Lifecycle information:
Eggs used 4-5 days to hatch
Larval stage lasted 22 days, molting 3 times
Pupa used 14-16 days to hatch after being taken out of hibernation.
Difficulty rating based on % of individuals gotten through to imago(1=hard, 5=easy): 4/5

Egg
Image

L1
Image

L2
Image

L3
Image

L4
Image
Image

Pupa
Image

Imago
Image
Image

More high res pictures over HERE
Topic: Breeding: Pyrgus malvae | Author: wolf | Replies: 4 | Views: 46
User avatar
wolf
Posts: 21
Joined: Tue May 24, 2022 7:23 am

Breeding: Pyrgus malvae

by wolf » Sat Oct 01, 2022 10:48 am

Yet another new project from this year. The larva can use a variety of plants as hostplant. In my case i used Filipendula ulmaria and Fragaria vesca. This species is also widespread in Norway, usually having only one generation. Four of my larva completed the full lifecycle this summer, producing a 2nd generation. The rest hibernates as pupa.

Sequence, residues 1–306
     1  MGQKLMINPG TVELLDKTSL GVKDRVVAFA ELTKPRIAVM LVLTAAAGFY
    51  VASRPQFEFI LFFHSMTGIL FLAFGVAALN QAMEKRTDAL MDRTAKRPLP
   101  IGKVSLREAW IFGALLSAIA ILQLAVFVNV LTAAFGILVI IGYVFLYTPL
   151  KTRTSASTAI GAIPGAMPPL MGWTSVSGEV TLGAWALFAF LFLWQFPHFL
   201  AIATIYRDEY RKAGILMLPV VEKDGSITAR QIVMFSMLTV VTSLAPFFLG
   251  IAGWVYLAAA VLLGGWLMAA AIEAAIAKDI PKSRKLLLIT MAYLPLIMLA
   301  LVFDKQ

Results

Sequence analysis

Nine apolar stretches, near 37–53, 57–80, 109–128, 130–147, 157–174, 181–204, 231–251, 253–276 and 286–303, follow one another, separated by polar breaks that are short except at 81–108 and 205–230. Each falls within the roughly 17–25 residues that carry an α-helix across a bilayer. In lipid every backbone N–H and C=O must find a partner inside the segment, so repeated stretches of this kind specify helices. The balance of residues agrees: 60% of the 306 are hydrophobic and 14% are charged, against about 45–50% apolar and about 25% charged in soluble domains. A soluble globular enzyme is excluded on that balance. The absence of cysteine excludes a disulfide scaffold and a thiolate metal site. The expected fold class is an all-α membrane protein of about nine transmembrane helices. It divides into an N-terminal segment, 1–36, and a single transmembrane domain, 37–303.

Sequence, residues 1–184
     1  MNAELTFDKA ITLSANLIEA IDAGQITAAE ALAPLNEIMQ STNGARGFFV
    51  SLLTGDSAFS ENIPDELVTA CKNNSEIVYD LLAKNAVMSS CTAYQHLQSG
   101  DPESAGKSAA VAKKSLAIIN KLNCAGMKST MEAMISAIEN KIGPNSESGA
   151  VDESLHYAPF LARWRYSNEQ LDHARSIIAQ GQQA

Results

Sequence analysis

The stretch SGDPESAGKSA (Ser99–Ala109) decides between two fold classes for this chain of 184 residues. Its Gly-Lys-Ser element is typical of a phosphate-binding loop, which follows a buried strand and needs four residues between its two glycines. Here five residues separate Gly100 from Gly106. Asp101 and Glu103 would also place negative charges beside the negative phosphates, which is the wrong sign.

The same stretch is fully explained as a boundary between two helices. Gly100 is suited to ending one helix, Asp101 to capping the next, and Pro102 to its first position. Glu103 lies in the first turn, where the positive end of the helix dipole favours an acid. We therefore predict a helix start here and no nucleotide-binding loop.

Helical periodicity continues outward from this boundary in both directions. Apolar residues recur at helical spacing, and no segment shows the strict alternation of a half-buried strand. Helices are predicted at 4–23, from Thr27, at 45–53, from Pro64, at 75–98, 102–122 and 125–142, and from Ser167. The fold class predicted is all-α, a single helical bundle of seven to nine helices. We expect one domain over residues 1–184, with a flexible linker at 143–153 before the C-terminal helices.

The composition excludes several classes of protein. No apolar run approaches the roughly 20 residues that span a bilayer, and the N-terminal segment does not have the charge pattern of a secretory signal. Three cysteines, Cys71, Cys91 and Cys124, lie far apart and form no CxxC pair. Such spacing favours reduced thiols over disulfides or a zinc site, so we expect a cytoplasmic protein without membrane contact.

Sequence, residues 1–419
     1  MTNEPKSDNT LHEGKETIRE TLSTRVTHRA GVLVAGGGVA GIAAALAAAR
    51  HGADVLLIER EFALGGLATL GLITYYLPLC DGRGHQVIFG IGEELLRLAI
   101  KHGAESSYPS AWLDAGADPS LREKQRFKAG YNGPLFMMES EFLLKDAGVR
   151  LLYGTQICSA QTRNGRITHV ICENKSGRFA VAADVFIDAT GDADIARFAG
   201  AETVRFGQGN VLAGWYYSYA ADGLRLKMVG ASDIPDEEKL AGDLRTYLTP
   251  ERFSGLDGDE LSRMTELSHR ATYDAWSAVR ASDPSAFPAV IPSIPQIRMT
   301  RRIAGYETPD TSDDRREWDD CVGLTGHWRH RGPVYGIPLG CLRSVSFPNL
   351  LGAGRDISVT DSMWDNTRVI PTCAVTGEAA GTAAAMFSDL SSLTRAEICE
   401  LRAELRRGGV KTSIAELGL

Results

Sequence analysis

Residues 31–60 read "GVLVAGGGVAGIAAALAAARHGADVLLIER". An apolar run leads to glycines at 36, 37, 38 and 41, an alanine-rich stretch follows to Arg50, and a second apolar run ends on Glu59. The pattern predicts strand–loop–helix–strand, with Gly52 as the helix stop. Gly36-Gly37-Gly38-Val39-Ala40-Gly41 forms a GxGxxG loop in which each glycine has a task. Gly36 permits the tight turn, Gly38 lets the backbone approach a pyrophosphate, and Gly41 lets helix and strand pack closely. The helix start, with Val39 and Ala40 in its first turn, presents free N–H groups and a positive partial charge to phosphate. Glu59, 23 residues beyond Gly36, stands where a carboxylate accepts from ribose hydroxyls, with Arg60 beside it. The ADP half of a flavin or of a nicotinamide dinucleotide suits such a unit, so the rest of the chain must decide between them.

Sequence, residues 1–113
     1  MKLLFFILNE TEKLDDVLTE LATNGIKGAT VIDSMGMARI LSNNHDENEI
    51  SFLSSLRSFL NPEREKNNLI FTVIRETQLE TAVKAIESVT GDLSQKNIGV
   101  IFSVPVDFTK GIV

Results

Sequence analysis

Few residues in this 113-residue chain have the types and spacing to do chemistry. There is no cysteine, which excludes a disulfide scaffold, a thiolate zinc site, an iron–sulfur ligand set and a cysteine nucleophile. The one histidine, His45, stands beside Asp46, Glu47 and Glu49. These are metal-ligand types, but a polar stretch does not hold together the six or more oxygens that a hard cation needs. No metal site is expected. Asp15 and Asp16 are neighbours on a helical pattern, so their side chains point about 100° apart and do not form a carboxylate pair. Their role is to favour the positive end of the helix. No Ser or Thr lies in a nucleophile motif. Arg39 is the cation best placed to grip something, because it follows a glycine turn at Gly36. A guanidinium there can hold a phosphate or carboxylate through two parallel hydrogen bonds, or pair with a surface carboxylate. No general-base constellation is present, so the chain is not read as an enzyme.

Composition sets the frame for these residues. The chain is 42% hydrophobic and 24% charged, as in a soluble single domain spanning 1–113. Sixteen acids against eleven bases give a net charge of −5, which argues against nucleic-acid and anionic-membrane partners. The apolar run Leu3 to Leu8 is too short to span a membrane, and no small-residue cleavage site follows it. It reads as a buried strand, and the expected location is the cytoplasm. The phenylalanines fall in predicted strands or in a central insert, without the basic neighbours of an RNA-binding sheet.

Lifecycle information: Full lifecycle from egg to imago lasted around 10 weeks. I lost track on how many times it molted as i was away for a couple of weeks during the breeding. It was also hard to follow the development as the larva creates a housing of the leaves, living inside.
Eggs used 7 days to hatch
Larval stages lasted 43 days
Pupal stages lasted 22 days
Difficulty rating based on % of individuals gotten through to imago(1=hard, 5=easy): 4/5

Egg
Image

L1
Image

Half grown larva
Image

Full grown larva
Image
Image

Characteristic leaf housing
Image

Pupa
Image

Imago
Image

A few more high res pictures over HERE
Topic: Breeding: Pararge aegeria | Author: wolf | Replies: 1 | Views: 19